So we weave lazily over the Ottawa Valley. Only once do I see a hint of what he was. At one point a C-172 comes trundling up from Montreal. We’re nearly on a collision course, but he’s about 200 ft lower. I call to Stocky to turn over top of him, keeping him in view until he’s passed. Stocky acknowledges, then banks the airplane in a smooth, flowing curve, that EXACTLY arrives over the Cessna as we pass. The intercept was perfect, it was unthinking, we were in total control of the situation every second, and the “ball” never left the middle. It seemed effortless. Made me think...

But beauty never lasts except in memory. The Lanc flight have finally landed and it’s time for us to go home. I vector us westward, and Stocky gently descends. I switch back to the main tank, leaving the boost pump on. I talk to the Air Boss, and we’re cleared for an overhead break.

“Got the field, Stocky?” I moved over to one side as much as I can so he can see forward.

“Yes.”

“Line up on final and I’ll take over for the break.”

“Okay.”

And he flies us right down the pavement. I take over and at mid-field haul us hard up and to the right. Once again I do the one-armed-P40-paperhanger drill and get the gear and flap down. GUMPFF check. Speeds are 120 mph by the end of downwind, then an arcing continuous descending turn to arrive over the numbers, 110 mph at the 90-degree point, 100 over the fence. Check back for a sec as the throttle is moving to idle, and the Kittyhawk touches on the mains, tail low. Hold it there with a gentle forward “pin,” wait and do nothing, and control yaw by feel and a bit of peripheral vision. Keep her straight! The airplane is well-mannered on the ground, but I know from fast taxiing that a swerve, once started, would be very difficult to stop. The tailwheel settles and I let her roll (the brakes are vintage hydraulic expander-tube, and I’d like them to last).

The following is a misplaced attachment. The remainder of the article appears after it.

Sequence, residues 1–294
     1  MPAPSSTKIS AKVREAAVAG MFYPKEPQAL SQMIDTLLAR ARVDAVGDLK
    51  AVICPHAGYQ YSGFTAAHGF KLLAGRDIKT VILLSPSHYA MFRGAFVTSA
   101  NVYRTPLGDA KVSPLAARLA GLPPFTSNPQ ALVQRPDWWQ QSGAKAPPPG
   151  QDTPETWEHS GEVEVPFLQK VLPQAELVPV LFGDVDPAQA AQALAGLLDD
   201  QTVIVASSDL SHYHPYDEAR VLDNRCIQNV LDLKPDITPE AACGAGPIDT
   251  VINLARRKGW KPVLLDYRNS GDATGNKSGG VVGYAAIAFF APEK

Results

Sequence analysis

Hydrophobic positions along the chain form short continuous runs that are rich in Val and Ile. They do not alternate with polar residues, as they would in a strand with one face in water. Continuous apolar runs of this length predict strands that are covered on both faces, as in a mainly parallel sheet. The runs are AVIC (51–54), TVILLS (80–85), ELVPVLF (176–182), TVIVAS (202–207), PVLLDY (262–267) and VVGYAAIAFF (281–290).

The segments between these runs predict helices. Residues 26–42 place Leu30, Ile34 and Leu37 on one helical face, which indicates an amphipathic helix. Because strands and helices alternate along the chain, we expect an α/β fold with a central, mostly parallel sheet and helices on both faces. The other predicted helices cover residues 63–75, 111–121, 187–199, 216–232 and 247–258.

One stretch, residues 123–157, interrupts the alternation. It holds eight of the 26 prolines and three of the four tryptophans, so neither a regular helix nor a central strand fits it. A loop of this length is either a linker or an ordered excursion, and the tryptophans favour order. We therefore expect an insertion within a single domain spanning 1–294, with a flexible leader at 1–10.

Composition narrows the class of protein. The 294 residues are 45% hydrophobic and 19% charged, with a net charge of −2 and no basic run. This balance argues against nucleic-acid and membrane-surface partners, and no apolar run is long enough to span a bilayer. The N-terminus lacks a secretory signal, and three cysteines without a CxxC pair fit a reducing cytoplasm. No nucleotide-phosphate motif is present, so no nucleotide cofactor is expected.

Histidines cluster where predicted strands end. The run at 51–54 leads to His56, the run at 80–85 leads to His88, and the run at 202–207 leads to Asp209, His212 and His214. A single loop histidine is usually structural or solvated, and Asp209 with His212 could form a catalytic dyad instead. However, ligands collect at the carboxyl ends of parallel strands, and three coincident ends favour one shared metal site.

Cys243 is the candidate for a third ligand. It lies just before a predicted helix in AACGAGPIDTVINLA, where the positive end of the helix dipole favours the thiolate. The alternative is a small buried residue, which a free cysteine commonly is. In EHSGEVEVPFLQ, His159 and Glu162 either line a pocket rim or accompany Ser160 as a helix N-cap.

It gets hot fast with the hood closed. I let the airplane swing round at the end of the roll, straighten with a squeeze of brake, then roll the canopy back. All of a sudden lots of breeze, and stink of the V-12 exhaust. Carefully, thinking about it – quite deliberately – I select the flaps up. The Flap lever is right beside the Gear lever, and confusion would be “unfortunate.” Rad Shutters wide open. Electrics off.

“Very nice, Dave.”

“Thanks, Stocky.” Back in 2006, when I was first assigned this project, I journeyed out to Stocky and Toni’s place on Vancouver Island, and asked him how I should land it. He’s pleased to see I did it just as he recommended. (He’s also pleased to still be in one piece.)

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All great things must end, but the stories and the memories go on for ever. Dave and Stocky roll to a stop with the ace complimenting the younger fighter pilot on his landing.  Photo: Parr Yonemoto

We taxi-in to the still-thronging crowd; Stocky is all smiles and waves. I spot the signaller who is careful to stand to one side so I can actually see him. He marshals me in and then crosses his orange batons. I brake to a halt, do a live-mag check, and move the mixture to Idle Cut-off. The big Allison rolls to a halt. I hear the exhaust stacks “tick” as I complete the Shut-down check, unbuckle and rise. I feel the cool air on the damp back of my flight suit. It feels good to stand and stretch.

I help Stocky out, and he stands with me on the wing. The crowd claps generously as he waves. Everybody’s grinning. Everyone has a sense that we’ve all shared something unique. I know I have.